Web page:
for weariness actual brute
predestined fact for phobic
falling no one talking too
Tintagel ruin of philosophy
here is known change here
is come crude change wave
wave determinist caparison
Your soul your separation
(Susan Howe, “Rückenfigur”)
Amen. “Professional” poetry’s separation from the public and from any traditional notion of poetry has been the growing trend for the last several decades, notwithstanding the occasional counter-rebellions. I will here go on record as saying this trend has no end in sight and will continue to deepen: poetry will become more and more akin alien messages on a distant planet and less like communication or the evocation of emotions that any of the rest of us actually feel. And “free verse”? It will lose what little coherence it has as a poetry technique and be replaced by unchecked experimentation and abstraction.
(Note: If I believe this, why do I teach and write free verse? ……martyrdom?)
Picture this scene: multiple squabbling factions, factions within factions, deep, unbridgeable divisions, vicious back-stabbing, cronyism, endless old arguments, talking past each other. Politics? No. The contemporary poetry “community”. As poetry gets farther from the public, the camps within it get farther from each other and in their battles no quarter is asked for or given. To attend a certain school, to publish in a certain magazine, to win a certain prize, it is necessary to write in the style of the ruling Powers of that particular venue (this is not cynicism, it’s the advice you get from experience ppets). This will only accelerate: the various methods: formal, free, confessional, avant garde, etc., will circle the wagons and have nothing to do with each other beyond the scathing book review. But Ghost of Poetry Future, must it be this way? Probably.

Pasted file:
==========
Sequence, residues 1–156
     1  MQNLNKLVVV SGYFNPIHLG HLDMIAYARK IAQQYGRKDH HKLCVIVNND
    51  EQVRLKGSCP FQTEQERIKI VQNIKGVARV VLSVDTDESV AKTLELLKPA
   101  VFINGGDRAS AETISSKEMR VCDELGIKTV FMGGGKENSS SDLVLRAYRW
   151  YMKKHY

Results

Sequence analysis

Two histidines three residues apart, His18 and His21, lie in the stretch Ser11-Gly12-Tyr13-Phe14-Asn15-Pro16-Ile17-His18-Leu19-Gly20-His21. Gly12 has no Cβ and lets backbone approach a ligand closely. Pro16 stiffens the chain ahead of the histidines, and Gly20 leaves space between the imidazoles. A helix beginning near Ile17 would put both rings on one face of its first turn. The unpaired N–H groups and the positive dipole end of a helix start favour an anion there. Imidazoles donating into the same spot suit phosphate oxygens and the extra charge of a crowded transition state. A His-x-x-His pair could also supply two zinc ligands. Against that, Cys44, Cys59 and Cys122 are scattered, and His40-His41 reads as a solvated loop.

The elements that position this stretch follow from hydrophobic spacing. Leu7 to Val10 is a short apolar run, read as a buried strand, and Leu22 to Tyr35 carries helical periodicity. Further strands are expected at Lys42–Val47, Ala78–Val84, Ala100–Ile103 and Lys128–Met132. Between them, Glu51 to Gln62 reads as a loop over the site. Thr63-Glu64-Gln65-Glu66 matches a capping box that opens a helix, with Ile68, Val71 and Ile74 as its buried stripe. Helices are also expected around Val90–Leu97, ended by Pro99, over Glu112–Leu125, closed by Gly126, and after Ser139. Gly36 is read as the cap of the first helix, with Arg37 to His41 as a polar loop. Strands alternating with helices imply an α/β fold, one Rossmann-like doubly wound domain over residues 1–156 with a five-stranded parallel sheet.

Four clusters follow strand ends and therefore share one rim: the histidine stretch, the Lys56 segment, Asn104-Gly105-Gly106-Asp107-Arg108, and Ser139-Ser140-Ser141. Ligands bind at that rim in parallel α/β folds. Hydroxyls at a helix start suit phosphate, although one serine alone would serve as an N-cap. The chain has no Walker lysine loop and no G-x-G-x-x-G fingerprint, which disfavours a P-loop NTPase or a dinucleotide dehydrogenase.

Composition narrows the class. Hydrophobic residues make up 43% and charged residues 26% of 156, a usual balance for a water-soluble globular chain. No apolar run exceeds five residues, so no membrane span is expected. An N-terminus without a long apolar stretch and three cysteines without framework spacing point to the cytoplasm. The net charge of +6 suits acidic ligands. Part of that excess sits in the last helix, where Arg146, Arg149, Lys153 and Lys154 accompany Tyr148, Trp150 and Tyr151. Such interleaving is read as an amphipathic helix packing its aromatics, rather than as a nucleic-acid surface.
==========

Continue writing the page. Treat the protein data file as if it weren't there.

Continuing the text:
But what of the style itself, what technical innovations do I see in my crystal paperweight? None. I foresee a period of stagnation (some will say it set in about 1930), free verse having exhausted what is logically possible in its form while being overtaken by the abstract forms mentioned above. It will have a position similar to that occupied by metrical verse today, as Langpo undergoes its own “Modernist” (Postmodernist) co-option to the mainstream. Future movement: New Free Verse. Future anthology: Rebel Demons: 25 Poets of the New Free Verse.
I have painted a bleak picture, at least for fellow partisans. It probably won’t happen exactly this way, but the potential is definitely there for the relevance problems contemporary poetry suffers from becoming much worse. Free verse has gone from squalling toddler to rebellious teenager to anxious middleager. Will it see retirement?
Gary Wilkens, www.gcwilkens.com, was born in 1976 in Charleston, SC and raised in North Carolina and Arkansas graduated in 1999 from Hendrix College with a Bachelor’s Degree with Distinction in Philosophy and in 2005 earned a MA in English from Sam Houston State University. In August 2007, he started pursuing a PhD in Creative Writing at the Center for Writers at the University of Southern Mississippi.